By 1932, individual nations, including Iran and Mexico, nationalized their oil industries and removed American influence on them. In response, the U.S. began to engage in closer financial relations with Saudi Arabia and political involvement within Iran; both countries hold huge reserves of oil, which were necessary to meet the demands of the American economy.

A monumental shift in fossil fuel diplomacy occurred in 1960 with the establishment of the Organization of Petroleum-Exporting Countries (OPEC). Arab nations, which are heavily dependent on oil revenue, were frustrated with blind Western price cuts. OPEC’s founding members were Iran, Kuwait, Iraq, Saudi Arabia, and Venezuela, and together, they accounted for roughly 80% of crude exports. Today, OPEC has expanded to 13 member nations. At first, OPEC had little global influence, but over time, the organization functioned as a cartel, setting international prices for barrels of oil.

With OPEC largely a conglomerate of Arab countries, U.S. action in the Middle East, especially concerning Israel, resulted in oil embargoes in 1967 and 1973, the latter which sparked an energy crisis. Later, in 1979, the Iranian Revolution took place, and the American-friendly Shah was replaced with the anti-Western Ayatollah Ruhollah Khomeini. An oil embargo soon followed, and a gas crisis returned to the U.S.

The United States was at the mercy of OPEC for its energy demands and began to investigate the diversification of their energy consumption in the 1980’s. Conservation methods were explored, other fossil fuels, such as natural gas, were prioritized, and alternative energy forms were investigated. Environmental concerns relating to greenhouse gas emissions have also grown and led to concrete plans and goals at Conference of the Parties (COP) meetings (famously in Kyoto in 1997 and Paris in 2016).

Currently, in the face of record high gas prices, the U.S. is diplomatically working to move closer to oil-exporting nations (including Iran, Saudi Arabia, and Venezuela), while simultaneously banning Russian imports (in the wake of its invasion of Ukraine). In addition, American legislative leaders hope to boost domestic fossil fuel production in order to become more energetically independent.


What’s being done now


Biden’s Infrastructure Bill


Alternative Energy

Renewable energies are ones that can be derived from renewable or non-finite natural resources.  Renewable energies are needed as the U.S. dependence on dwindling fossil fuel reserves will only exacerbate the effects of increased energy prices and the detrimental impacts of emissions on the environment.  Though no renewable energy source comes without limitations and flaws, some alternatives exist today that, with further research and funding, can help the U.S. ditch its dependence on fossil fuels.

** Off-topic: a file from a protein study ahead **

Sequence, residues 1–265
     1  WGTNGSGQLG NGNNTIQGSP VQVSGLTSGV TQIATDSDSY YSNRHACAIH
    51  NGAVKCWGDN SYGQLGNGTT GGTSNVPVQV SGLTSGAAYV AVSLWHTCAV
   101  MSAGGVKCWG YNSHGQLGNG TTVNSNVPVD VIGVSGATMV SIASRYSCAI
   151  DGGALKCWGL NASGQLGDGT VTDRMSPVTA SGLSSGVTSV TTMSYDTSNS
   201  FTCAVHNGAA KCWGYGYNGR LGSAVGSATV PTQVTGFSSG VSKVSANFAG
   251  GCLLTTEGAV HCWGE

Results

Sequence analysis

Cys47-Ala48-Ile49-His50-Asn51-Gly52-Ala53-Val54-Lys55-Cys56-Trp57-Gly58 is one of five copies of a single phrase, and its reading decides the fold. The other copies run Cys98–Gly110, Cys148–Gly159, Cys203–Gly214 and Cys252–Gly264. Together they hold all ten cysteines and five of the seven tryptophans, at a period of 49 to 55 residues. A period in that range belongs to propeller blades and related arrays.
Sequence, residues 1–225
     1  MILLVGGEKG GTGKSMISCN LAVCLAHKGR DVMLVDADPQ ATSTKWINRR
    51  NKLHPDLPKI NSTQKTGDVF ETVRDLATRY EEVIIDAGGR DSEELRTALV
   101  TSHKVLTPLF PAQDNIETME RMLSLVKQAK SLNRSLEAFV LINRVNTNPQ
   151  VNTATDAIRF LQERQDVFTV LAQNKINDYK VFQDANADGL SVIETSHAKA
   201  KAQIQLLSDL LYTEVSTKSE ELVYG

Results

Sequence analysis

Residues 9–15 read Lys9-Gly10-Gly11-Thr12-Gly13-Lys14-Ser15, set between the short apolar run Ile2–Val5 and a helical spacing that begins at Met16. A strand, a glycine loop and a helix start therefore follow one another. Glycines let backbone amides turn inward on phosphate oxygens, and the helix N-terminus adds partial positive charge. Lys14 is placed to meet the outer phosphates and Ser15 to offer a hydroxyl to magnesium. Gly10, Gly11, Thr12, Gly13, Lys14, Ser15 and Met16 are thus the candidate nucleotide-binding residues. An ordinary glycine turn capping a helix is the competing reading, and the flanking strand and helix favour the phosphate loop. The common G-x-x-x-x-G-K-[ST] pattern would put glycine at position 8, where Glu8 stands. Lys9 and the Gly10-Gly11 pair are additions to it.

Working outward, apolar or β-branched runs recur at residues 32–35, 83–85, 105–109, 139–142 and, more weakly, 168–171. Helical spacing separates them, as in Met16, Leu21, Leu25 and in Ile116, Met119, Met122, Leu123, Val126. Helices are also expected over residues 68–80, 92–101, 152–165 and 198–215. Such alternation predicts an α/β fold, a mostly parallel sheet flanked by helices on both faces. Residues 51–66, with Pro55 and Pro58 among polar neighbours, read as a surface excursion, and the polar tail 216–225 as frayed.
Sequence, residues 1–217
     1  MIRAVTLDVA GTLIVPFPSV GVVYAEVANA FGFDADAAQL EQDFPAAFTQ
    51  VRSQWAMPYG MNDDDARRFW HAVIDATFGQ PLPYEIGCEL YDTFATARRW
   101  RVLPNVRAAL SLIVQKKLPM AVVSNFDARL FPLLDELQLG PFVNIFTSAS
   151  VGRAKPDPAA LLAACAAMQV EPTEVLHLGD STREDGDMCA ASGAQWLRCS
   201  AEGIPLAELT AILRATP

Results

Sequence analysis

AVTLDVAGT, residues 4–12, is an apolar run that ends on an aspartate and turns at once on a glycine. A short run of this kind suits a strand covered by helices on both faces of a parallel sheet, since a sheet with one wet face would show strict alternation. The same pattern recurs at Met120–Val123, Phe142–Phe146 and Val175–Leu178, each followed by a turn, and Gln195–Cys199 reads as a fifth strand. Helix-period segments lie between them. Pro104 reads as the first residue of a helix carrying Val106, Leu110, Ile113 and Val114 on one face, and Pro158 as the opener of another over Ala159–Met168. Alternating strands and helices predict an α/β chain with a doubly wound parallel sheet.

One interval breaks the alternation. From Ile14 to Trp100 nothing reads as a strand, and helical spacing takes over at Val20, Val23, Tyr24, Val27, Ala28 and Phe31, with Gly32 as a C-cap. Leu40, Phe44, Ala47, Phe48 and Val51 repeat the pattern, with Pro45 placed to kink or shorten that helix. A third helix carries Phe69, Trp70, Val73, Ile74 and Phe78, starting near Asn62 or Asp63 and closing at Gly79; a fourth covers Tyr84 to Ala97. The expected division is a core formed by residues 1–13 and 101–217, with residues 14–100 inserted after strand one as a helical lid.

The first type of renewable energy that can continue to be developed today is Solar energy.  Today, there are three kinds of solar energy considered renewable and relatively attainable.  There are photovoltaic cells that convert sunlight into electricity through the use of photovoltaic cells, active solar energy, which utilizes thermal energy for the heating of homes and water, and passive solar energy, which is essentially building techniques that harness the sun’s power to lessen the dependence of fossil fuels used to heat homes.  The benefit of solar energy is that the sun’s energy supply is limitless.  However, apparent limitations like the limited amount of materials for creating photovoltaics and weather conditions in certain locations can make this option less realistic.  Additionally, converting your home to this system will cost a substantial amount.  That being said, there are tax incentives as well environmental benefits which make solar-powered homes and buildings a great option over time.  Solar power energy costs less for homeowners over time and releases no harmful greenhouse gasses, which worsen the effects of global climate change. 

Another renewable energy that could be explored further is wind energy.  Wind energy captures the energy of wind through turbines and converts it into electricity.  Similar to photovoltaic plants, there have been efforts across the country to create large-scale wind energy farms.  Like other alternative energy sources, wind energy is renewable, clean, and does not contribute to climate change.  However, there are some limitations as wind farms are usually built-in remote locations and cost enormous sums of money to construct a plant.  Not to mention, some people think wind turbines are aesthetically unpleasing and contribute to noise pollution.  Nevertheless, wind energy is a viable option that can be created on a large scale to benefit the environment and our energy grid.  Independent wind energy farms lessen U.S. dependence on foreign nations for crude oil, coal, and other fossil fuels.  This could reduce the price and instability of energy for average Americans. 

Though these are only two forms of alternative energies, they are some of the most prominent types being explored across the country with the most growth potential.  Other forms of alternative energy like geothermal, biomass conversion, hydroelectric, or hydrogen have limitations that make them less feasible for expansion in certain situations.  Nonetheless, exploring alternative and renewable energy sources could benefit both U.S. energy consumers and the environment by lowering prices and emissions, contributing to global climate change.